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Getting the Bugs Out: The Rise, Fall, and Comeback of Volkswagen in America
     

Getting the Bugs Out: The Rise, Fall, and Comeback of Volkswagen in America

by David Kiley
 
For almost three decades, Volkswagen's ride has been on a wild track of many ups and downs. In between the heyday of the Beetle's popularity in the 1960s and the unveiling of the New Beetle in the 1990s, the beloved automaker lost its focus and suffered more than its share of near misses and total catastrophes. Poor decisions and banal advertising campaigns seemed to

Overview

For almost three decades, Volkswagen's ride has been on a wild track of many ups and downs. In between the heyday of the Beetle's popularity in the 1960s and the unveiling of the New Beetle in the 1990s, the beloved automaker lost its focus and suffered more than its share of near misses and total catastrophes. Poor decisions and banal advertising campaigns seemed to have stalled Volkswagen's growth for good. And yet this remarkable company has found its way back to the top, with the Beetle now a reborn icon in the United States -- and the sales of Volkswagen vehicles roaring toward levels not seen for thirty years.

Getting the Bugs Out is an engaging and informative story of how marketing savvy and advertising brilliance -- combined with nostalgia and a fun-loving spirit -- again won over the hearts (and wallets) of American consumers. Auto industry expert and journalist David Kiley traces Volkswagen's phenomenal turnaround, revealing all the intriguing details surrounding the birth and rise of the company as well as its downward spiral. He presents a treasure trove of VW history, going back to the design of the original Beetle by Ferdinand Porsche and examining the launch in America, which attracted both curiosity seekers and auto enthusiasts with VW's great value and solid performance.

You'll be there to see how the Volkswagen magic and "flower power" charmed the nation, along with the tongue-in-cheek and truthful ads that were so popular customers frequently framed and hung them in their homes. And you'll see how VW eventually began to fall behind in the ranks, with a falling dollar and lack of credible new products in the '70s chipping away at the company's previously unmarrable exterior. Drawing upon his unique access to company insiders, Kiley gives you a fresh look into: The devastating management blunders that led to the failure of cars such as the Rabbit, Thing, Dasher, and Quantum; How serious design flaws, quality issues, and encroaching Japanese competition resulted in the loss of billions of dollars; Why trying to impart the Beetle mystique onto its other vehicles turned consumers away; The notorious series of "Fahrvergnugen" ads.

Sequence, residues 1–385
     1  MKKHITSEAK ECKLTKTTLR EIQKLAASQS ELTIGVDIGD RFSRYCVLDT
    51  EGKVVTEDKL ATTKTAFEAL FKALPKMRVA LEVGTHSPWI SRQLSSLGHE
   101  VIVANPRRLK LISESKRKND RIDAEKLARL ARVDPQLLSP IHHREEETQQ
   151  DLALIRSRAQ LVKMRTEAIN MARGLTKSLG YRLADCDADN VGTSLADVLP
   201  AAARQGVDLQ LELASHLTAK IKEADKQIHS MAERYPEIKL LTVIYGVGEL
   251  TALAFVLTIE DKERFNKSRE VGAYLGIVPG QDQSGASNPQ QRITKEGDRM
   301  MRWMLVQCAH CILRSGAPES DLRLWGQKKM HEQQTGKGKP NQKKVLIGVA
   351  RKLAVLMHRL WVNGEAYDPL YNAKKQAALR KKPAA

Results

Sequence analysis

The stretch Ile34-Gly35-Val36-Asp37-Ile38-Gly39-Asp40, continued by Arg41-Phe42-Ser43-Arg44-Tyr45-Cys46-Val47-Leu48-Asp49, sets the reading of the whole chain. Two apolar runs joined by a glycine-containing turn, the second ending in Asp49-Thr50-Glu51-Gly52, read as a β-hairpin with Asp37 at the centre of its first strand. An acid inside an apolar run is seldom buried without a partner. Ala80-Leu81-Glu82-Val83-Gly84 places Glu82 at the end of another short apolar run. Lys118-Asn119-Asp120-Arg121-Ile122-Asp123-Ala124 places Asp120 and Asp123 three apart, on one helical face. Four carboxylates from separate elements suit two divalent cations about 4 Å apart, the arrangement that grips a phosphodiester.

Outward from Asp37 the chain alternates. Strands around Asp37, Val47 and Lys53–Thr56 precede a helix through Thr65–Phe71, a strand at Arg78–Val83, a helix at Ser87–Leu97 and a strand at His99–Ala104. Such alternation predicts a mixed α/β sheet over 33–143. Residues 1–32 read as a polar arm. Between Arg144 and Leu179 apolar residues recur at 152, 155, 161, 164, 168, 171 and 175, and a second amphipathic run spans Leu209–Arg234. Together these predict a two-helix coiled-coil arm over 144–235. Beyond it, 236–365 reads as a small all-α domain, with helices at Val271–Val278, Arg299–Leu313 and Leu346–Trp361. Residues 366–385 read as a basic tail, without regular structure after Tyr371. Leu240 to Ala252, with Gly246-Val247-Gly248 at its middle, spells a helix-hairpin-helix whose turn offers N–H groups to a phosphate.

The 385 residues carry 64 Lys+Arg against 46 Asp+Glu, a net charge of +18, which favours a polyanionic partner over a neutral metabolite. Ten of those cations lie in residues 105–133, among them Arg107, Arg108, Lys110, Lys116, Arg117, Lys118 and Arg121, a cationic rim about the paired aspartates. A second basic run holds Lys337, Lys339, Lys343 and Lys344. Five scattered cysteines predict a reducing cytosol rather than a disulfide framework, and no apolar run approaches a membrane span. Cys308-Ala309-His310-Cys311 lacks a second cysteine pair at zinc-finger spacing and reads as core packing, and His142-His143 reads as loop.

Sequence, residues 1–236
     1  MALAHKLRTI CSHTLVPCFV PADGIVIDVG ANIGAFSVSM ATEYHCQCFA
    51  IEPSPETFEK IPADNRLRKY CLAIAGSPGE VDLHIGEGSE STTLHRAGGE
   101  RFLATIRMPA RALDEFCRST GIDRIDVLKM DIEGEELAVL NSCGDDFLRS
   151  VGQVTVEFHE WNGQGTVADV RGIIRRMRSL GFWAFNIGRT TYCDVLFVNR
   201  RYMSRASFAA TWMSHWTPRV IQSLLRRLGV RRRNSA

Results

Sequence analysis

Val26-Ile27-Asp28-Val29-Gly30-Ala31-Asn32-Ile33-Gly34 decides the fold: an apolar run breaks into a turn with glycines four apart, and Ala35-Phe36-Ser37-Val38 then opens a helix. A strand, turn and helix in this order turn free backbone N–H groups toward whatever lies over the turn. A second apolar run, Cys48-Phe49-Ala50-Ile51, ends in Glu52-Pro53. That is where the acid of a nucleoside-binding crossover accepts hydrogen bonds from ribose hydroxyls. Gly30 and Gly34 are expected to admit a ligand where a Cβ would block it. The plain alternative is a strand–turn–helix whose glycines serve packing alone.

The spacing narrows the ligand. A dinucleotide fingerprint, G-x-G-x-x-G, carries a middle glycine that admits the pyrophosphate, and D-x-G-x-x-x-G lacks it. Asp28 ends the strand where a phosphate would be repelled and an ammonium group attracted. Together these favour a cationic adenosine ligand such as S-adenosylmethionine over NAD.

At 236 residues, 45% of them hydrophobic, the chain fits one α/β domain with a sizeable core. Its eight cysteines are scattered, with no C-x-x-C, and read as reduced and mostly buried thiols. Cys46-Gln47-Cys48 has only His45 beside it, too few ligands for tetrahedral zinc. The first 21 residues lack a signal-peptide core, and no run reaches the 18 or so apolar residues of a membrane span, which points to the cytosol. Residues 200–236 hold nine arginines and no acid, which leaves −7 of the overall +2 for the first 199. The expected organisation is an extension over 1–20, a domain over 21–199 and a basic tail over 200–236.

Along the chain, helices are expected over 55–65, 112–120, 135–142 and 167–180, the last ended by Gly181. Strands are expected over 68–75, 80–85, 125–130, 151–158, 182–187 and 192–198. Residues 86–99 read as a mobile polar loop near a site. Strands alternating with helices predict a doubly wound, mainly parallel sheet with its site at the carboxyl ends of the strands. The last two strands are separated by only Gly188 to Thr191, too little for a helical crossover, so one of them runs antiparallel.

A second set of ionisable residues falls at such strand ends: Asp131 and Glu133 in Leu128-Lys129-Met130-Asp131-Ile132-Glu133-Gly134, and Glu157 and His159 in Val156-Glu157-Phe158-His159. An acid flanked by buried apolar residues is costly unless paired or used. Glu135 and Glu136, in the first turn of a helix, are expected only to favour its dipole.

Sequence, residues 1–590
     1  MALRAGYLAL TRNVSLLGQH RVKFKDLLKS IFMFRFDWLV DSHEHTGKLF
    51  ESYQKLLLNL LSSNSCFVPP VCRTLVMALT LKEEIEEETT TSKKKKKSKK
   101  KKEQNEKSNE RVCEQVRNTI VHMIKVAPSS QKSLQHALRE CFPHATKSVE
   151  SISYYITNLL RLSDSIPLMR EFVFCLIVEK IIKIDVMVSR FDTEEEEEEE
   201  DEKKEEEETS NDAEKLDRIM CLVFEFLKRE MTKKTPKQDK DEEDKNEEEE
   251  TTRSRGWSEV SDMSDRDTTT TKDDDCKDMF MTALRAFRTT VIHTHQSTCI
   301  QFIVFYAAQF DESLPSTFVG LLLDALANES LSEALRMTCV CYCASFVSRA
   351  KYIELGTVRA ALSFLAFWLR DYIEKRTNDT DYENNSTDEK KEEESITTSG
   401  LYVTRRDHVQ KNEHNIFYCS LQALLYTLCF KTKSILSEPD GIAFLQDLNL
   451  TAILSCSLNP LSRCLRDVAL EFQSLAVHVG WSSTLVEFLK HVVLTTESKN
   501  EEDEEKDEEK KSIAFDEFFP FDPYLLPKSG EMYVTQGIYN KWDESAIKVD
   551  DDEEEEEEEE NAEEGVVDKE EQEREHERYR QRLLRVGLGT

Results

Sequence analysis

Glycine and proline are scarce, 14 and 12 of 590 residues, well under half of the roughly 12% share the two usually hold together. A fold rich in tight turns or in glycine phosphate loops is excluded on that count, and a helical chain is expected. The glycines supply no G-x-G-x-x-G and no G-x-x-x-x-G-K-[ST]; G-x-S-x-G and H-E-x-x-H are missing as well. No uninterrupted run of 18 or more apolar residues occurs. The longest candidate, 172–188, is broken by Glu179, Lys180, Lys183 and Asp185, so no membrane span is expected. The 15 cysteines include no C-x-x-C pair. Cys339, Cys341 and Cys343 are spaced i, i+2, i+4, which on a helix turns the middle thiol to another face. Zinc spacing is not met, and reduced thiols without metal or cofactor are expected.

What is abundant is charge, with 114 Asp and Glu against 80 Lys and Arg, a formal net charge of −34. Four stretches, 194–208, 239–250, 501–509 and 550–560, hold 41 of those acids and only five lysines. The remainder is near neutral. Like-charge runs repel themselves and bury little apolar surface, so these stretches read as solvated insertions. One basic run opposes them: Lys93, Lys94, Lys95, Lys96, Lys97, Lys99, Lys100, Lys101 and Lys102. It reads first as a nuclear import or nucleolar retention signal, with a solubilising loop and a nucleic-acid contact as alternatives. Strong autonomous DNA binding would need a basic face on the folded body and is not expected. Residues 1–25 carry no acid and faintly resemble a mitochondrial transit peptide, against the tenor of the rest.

Kiley captures every suspenseful moment of the struggles behind the scenes to salvage the brand -- and how the birth of fresh, off-beat advertising finally transformed the company. He chronicles the genius behind Volkswagen's remarkable comeback, examining the combination of visionary management, advanced technology, cutting-edge product development, and, of course, the ads that brought out buyers in droves and cemented VW's position as both a leader in marketing strategy and America's top European brand.

A compelling and enlightening account, Getting the Bugs Out has everything for the enthusiastic VW fan or the manager on the hunt for branding insights, wrapped in an innovative and inspiring tale you can take on the road.

Editorial Reviews

From the Publisher
The story of how a rigid German automaker stormed the American market with its lovable Beetle, virtually disappeared, then came roaring back is told here by USA Today's Detroit bureau chief. Part skeptic, part admirer, Kiley details the car's roots in Nazi Germany, suggesting it grew out of Hitler's obsession with creating an autobahn and giving German citizens the chance to have their own cheap cars to drive on it. When VW infiltrated America in the 1950s, it found itself fighting Detroit's lumbering giants, who believed Americans simply desired a steady stream of gas-guzzling, chrome-plated behemoths. By remedying the almost complete lack of affordable cars with good mileage, the Beetle was able to overcome its strange appearance, weak engine and reputation of being "Hitler's car" and quickly developed a dedicated following, thanks to whimsical, innocent ads. But in the 1970s, cheap, reliable, Japanese compacts began eating away at the Beetle's lead, and through the '80s, the company was mostly dormant in America, with Beetles supplying only collectors. Then, in 1994, VW bowled over the press with its presentation of the new Beetle. Another series of engaging ads helped put it into the limelight and return to a prominent position. Kiley is realistic about VW's future, noting that Beetle sales have been dropping off and other brands like Passat are not picking up the slack. Although Kiley pays too much attention to the advertising end of things-this is an Adweek Book, after all-he deftly reports on the mystique and the reality of one of the auto world's enduring legends. (Nov.) (Publishers Weekly, October 1, 2001)

"a well-researched tale." (USA Today, December 10, 2001)

"...Kiley has written an entertaining insight into one of the more interesting corners of the car industry..." (Irish Times (Dublin), 14 December 2001)